We arrived in Venice tired, confused, and without the crutch of modest skill in the local language. What a scene, coming out of the station, seeing the Grand Canal right in front, buildings rising right from the water, just like in all those photos and movies, but needing to focus on how the heck to get tickets for the vaporetto so we could get to our hotel. We got on a line, bought a 3-day vaporetto pass, went to the adjacent vaporetto station, only to realize that the #1 didn’t stop there. We rolled our bags around to the other side, eventually found the correct stop, but couldn’t figure out how to get the electronic reader to read our 3-day passes. I figured I’d wait a minute and see what the locals do, but there were no locals doing it. Just other, equally confused tourists. Then I got one pass to work, but didn’t know what I did, so I couldn’t reproduce it. But Gail figured out what the trick might be and she was right. It worked. The #1 came, we got on, and we had a 25-minute ride — an odd mix of magic and constant jostling — to the Santa Maria del Giglio stop just before San Marco.

We didn’t walk into our hotel until around 7:45. There was then some confusion about our room choice, which took 45 minutes to sort out (a story for another day), so we didn’t head off to see the neighborhood and find dinner until 8:30. We ate at 9:00, our latest dinner of the trip, took a walk around San Marco after dinner, got back to the room at 10:30, and were ready for a good sleep.

I’m now, at last, getting to the story that this post is supposed to be about. Somehow, with our stop in New York and our nap our first day in Paris, we seemed to be adjusting to the time difference effortlessly. One contributing factor was that we faced not the usual 9-hour time zone change but just an 8-hour one. Why? Well, you’ll recall that for many years we went off Daylight Saving Time here in the US on the last Sunday of October. This made for dark Halloweens, but for those of us living in regions with late winter sunrises, the end of Daylight Saving by late October was most welcome. And then Congress passed the Energy Policy Act of 2005. Suddenly, the duration of Daylight Saving Time was elongated, with the end set at the first Sunday of November. It turns out our Energy Policy Act didn’t apply to France and Italy. They went off Daylight Saving Time the last Sunday of October, the very day that we began our trip by flying from Seattle to New York.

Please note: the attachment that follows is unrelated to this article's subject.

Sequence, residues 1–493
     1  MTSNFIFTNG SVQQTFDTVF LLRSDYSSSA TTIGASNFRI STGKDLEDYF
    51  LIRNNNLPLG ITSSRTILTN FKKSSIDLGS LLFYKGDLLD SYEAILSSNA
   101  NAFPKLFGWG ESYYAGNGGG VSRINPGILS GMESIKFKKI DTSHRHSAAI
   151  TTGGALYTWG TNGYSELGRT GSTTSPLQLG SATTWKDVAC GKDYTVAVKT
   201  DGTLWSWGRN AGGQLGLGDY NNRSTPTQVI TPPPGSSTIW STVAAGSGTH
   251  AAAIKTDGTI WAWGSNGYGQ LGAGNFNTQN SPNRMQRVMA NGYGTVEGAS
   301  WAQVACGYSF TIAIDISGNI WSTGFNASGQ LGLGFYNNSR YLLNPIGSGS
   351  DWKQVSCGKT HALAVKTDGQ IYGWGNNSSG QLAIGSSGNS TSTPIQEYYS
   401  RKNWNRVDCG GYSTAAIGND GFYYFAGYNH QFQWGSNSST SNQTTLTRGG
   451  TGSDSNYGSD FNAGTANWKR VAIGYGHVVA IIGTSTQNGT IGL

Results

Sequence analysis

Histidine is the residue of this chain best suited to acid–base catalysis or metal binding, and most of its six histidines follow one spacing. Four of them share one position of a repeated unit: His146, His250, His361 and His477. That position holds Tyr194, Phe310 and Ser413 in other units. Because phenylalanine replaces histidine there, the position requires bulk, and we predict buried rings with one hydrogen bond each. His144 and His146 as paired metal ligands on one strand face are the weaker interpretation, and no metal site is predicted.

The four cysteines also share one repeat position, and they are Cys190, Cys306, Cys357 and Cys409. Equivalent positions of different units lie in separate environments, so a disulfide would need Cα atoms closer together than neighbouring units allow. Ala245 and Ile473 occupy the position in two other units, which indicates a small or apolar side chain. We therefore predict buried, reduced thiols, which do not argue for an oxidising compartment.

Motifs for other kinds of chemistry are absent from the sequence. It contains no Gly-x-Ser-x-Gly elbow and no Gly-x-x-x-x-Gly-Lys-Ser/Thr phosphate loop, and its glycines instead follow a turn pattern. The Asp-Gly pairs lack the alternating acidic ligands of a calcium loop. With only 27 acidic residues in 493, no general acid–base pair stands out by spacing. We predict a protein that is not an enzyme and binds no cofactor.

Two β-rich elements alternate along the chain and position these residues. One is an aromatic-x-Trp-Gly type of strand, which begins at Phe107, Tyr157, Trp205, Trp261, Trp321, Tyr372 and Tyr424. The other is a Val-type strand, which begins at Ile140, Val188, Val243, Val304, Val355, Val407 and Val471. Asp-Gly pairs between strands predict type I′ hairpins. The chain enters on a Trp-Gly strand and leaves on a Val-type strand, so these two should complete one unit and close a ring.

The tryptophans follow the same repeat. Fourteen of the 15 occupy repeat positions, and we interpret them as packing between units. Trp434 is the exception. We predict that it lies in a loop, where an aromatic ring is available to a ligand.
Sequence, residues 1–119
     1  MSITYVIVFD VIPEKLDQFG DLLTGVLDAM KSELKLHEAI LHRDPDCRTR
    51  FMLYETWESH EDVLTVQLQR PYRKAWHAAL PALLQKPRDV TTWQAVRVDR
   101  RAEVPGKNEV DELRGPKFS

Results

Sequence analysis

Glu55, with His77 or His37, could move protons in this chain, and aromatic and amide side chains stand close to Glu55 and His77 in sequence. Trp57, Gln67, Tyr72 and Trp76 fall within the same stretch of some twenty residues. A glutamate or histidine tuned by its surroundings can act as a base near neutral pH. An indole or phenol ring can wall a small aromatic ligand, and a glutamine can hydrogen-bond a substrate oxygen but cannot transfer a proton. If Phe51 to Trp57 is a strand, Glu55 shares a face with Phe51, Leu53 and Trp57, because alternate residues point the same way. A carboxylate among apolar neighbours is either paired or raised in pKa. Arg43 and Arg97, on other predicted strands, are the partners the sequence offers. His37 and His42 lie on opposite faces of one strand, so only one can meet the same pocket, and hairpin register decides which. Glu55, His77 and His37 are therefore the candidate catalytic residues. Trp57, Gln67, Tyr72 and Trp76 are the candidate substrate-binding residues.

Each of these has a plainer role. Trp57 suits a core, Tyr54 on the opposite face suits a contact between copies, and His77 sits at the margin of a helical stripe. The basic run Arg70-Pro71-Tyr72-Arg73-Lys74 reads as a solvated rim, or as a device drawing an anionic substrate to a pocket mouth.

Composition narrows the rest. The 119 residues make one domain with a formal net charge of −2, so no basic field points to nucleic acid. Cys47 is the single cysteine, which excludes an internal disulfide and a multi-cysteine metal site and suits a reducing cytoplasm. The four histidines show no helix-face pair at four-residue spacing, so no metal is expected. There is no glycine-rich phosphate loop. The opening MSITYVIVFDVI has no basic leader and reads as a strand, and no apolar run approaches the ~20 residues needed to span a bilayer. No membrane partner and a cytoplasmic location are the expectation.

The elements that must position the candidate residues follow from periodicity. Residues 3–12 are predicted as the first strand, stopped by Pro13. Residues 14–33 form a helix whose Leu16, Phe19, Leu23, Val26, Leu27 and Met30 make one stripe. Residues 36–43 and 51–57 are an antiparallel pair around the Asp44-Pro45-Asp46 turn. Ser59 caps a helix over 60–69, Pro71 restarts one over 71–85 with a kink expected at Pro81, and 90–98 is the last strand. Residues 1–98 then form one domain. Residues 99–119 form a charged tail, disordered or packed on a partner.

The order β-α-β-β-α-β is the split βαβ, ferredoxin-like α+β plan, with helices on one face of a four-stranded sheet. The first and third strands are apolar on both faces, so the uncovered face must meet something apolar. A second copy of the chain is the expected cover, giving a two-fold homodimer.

As a consequence, the time difference when we flew from New York to Paris was 5 hours, not 6 hours. Pretty good break for us. The usual time difference would return on Sunday, November 1, while we slept that first night in Venice.

We were of course eager to see Venice in the daylight, so I set the alarm on my iPhone for 8:00 AM. We got up slowly, took our time getting dressed, and eventually were ready to go down for buffet breakfast in the hotel’s dining room. I glanced at the hotel room’s clock as we headed to the door and was stunned to see that it said 10:30 AM. Did we really take so long? When we got back to the room, it said 11:15 AM. Then I opened my laptop to check some things, still wondering where the time went. I happened to glance at the time in the corner of the screen. 10:20 AM. Huh?

So, what happened? Care to guess? If so, don’t read further until you’re ready for the answer.


Are you ready?


Are you sure?


Well, it’s simple, but it sure confused me for a moment. You see, when we flew from Seattle to New York, I changed the time on my iPhone and computer by 3 hours. When we flew from New York to Paris, I changed their times by another 5 hours. I could have asked both to get the local time off the network, in which case they would have changed automatically. But when I do this, my calendar gets all screwed up, shifting times of events to make them fit the local time zone, and I hate that. So I just change the times manually. The iPhone and computer put up with this. On the other hand, they have US Daylight Saving Time programmed in. Whatever time I tell them it is, they will dutifully change the time by an hour at the appropriate moment.

And that moment came at 2:00 AM local time in Venice while we were sleeping. At that moment, the iPhone re-set its clock from 2:00 AM to 1:00 AM. Its alarm, dutifully again, woke me up at 8:00 AM, but the new 8:00 AM. The time hadn’t changed in Venice. It did that a week earlier. It did change though in Seattle, and the iPhone and computer assumed I was still there. So they dropped an hour back and when the iPhone woke me up at 8:00 AM, the Venice time was actually 9:00 AM. We were so tired that for the first time in our trip, we overslept. Normally, I would have awakened close to the time the alarm was set for. Not that day.

Just like that, we had lost an hour to see Venice. Of course, the hour wasn’t really lost. We simply slept it away, and we probably needed the sleep. But we didn’t want the sleep. We wanted to explore. What made our lost hour all the worse was that this was the last non-rainy day of the entire trip.

I’m such an idiot.

Categories: Stupidity, Time, Travel